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Study: The “good guys” in movies are just as violent as the villains

We love seeing good prevail over evil in our favorite superhero flicks. But the good vs. evil plot may be distracting us from the violent behavior displayed by the “good guys”. New research being presented at the American Academy of Pediatrics (AAP) 2018 National Conference & Exhibition has proven that the heroes in superhero films often engage in more violent acts, on average, than their villainous counterpart.

The study, entitled “Violence Depicted in Superhero-Based Films Stratified by Protagonist/Antagonist and Gender,” looked at 10 superhero films released between 2015 and 2016. Researchers classified characters as either “good guys” or “bad guys” and used a standardized system to track acts of violence from each group of characters throughout the 10 films.

On average, protagonists (the “good guys”) racked up 23 acts of violence per hour, whereas antagonists (the “bad guys”) only displayed 18 acts of violence per hour. Furthermore, researchers saw male characters engage in about fives times as many violent acts as female characters, 34 to 7 acts per hour.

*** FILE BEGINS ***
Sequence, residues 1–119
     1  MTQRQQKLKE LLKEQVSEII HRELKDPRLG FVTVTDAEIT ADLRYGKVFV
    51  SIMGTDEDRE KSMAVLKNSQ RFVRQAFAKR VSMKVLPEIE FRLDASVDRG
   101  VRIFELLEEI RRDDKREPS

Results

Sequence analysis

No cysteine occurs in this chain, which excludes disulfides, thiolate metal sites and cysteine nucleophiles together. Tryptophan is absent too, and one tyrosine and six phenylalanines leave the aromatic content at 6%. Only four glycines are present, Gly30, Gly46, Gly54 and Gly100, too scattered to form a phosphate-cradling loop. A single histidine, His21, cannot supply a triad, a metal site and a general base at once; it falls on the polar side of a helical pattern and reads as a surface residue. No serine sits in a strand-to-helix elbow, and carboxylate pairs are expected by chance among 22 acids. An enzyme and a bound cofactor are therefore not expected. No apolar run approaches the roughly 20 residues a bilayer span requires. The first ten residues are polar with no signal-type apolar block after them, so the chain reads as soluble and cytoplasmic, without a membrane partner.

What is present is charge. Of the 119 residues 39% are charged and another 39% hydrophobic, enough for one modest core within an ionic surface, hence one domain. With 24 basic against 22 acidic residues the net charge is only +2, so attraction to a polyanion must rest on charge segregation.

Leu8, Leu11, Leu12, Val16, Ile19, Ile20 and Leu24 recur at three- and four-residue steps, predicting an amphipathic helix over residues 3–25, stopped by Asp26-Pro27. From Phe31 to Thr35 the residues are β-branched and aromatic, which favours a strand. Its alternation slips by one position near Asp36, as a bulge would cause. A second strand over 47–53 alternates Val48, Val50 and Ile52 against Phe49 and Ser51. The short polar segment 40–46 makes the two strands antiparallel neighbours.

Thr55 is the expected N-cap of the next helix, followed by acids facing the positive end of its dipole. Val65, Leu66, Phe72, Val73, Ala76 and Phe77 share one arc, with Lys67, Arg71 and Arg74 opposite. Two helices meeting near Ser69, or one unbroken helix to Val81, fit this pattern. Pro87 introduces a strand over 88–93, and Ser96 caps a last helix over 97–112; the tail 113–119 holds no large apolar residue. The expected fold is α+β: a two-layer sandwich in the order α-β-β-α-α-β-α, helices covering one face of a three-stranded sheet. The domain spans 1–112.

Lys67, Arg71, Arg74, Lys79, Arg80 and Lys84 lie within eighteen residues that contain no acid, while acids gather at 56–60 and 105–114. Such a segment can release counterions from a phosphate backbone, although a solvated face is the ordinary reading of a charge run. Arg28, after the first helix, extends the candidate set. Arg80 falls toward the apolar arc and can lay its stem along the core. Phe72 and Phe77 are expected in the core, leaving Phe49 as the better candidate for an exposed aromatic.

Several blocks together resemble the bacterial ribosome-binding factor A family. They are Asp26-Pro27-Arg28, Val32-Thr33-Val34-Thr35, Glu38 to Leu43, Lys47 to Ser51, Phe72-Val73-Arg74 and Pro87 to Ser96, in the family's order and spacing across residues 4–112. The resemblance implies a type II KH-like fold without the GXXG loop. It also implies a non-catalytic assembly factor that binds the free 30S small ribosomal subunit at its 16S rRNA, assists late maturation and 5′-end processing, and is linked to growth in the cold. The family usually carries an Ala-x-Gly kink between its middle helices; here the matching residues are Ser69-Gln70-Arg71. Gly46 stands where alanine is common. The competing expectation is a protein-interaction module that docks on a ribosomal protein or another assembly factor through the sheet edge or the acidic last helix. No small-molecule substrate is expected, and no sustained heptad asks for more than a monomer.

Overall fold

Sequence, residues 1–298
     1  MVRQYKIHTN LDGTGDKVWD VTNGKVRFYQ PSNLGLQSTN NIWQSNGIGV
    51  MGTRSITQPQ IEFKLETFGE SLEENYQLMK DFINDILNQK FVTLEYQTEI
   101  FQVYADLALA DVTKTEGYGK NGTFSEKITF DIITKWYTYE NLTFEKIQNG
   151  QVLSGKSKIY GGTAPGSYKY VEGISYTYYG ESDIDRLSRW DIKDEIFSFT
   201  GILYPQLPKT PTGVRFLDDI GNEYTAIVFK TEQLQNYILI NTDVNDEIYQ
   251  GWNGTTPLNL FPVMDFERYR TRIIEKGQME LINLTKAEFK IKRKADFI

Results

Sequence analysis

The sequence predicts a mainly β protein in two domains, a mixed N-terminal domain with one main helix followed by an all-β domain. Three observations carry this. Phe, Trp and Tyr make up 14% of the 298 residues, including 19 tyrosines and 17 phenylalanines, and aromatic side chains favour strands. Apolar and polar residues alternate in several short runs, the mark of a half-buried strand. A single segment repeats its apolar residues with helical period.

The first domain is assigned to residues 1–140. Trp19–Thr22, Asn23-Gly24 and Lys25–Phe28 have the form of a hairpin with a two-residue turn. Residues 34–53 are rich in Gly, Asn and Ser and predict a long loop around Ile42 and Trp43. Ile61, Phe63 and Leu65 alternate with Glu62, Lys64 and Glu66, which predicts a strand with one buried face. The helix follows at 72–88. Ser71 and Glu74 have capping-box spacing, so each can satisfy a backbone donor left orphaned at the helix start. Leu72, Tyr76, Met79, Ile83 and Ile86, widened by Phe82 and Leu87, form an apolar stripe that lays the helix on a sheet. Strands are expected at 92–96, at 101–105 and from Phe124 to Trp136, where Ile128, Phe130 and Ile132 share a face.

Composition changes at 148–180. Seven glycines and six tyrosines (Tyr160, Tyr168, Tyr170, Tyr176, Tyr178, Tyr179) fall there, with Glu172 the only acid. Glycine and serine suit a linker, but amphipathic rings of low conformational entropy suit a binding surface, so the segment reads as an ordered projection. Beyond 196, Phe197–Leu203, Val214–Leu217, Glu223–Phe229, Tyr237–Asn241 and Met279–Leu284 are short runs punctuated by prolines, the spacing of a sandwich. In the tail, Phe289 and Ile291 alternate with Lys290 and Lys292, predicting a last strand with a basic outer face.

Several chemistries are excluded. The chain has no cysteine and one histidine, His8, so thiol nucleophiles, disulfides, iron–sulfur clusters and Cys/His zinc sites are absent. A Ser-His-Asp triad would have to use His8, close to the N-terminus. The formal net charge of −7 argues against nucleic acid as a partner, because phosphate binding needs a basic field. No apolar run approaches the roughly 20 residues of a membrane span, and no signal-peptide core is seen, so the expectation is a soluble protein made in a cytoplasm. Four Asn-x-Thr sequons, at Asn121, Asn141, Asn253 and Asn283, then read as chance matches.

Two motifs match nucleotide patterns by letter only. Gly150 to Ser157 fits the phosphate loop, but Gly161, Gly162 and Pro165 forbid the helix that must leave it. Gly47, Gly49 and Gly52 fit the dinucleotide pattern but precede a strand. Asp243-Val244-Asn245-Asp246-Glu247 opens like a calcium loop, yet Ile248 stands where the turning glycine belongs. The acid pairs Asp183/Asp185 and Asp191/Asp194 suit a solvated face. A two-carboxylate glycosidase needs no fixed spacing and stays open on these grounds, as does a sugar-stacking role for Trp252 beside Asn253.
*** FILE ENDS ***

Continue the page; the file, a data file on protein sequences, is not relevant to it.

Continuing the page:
The abstract’s lead author, Robert Olympia, MD, a Professor in the Departments of Emergency Medicine & Pediatrics at Penn State College of Medicine and an Attending Physician at the Milton S. Hershey Medical Center/ Penn State Children’s Hospital, stated that these numbers may influence young audiences and lead them to believe acts of violence and “risk-taking behaviors” are okay if they’re done by their heroes.

“Pediatric health care providers should educate families about the violence depicted in this genre of film and the potential dangers that may occur when children attempt to emulate these perceived heroes,” Olympia said.

The team found that fighting was the top violent act protagonists engaged in throughout all 10 films, having occurred over 1,000 times. Use of lethal weapons, destruction of property, murder, and torture/bullying were also prevalent protagonist acts. Antagonists displayed similar behaviors, however, they did so less frequently.

The study’s principal investigator, John N. Muller, MS, a medical student at the Penn State University College of Medicine, suggested parents and children watch these movies together and constructively talk about the violence they see on screen.

“Co-viewing these movies as a family can be an effective antidote to increased violence in superhero-based films,” Muller said. He added that discussion is necessary in co-viewing, otherwise children may take parents’ passivity as acceptance of the protagonist’s behavior. “By taking an active role in their children’s media consumption by co-viewing and actively mediating,” he continued, “parents help their children develop critical thinking and internally regulated values.”

After being presented at the Conference on November 5th, this study may be made ready for publication.

By Olivia Harvey, Staff Writer

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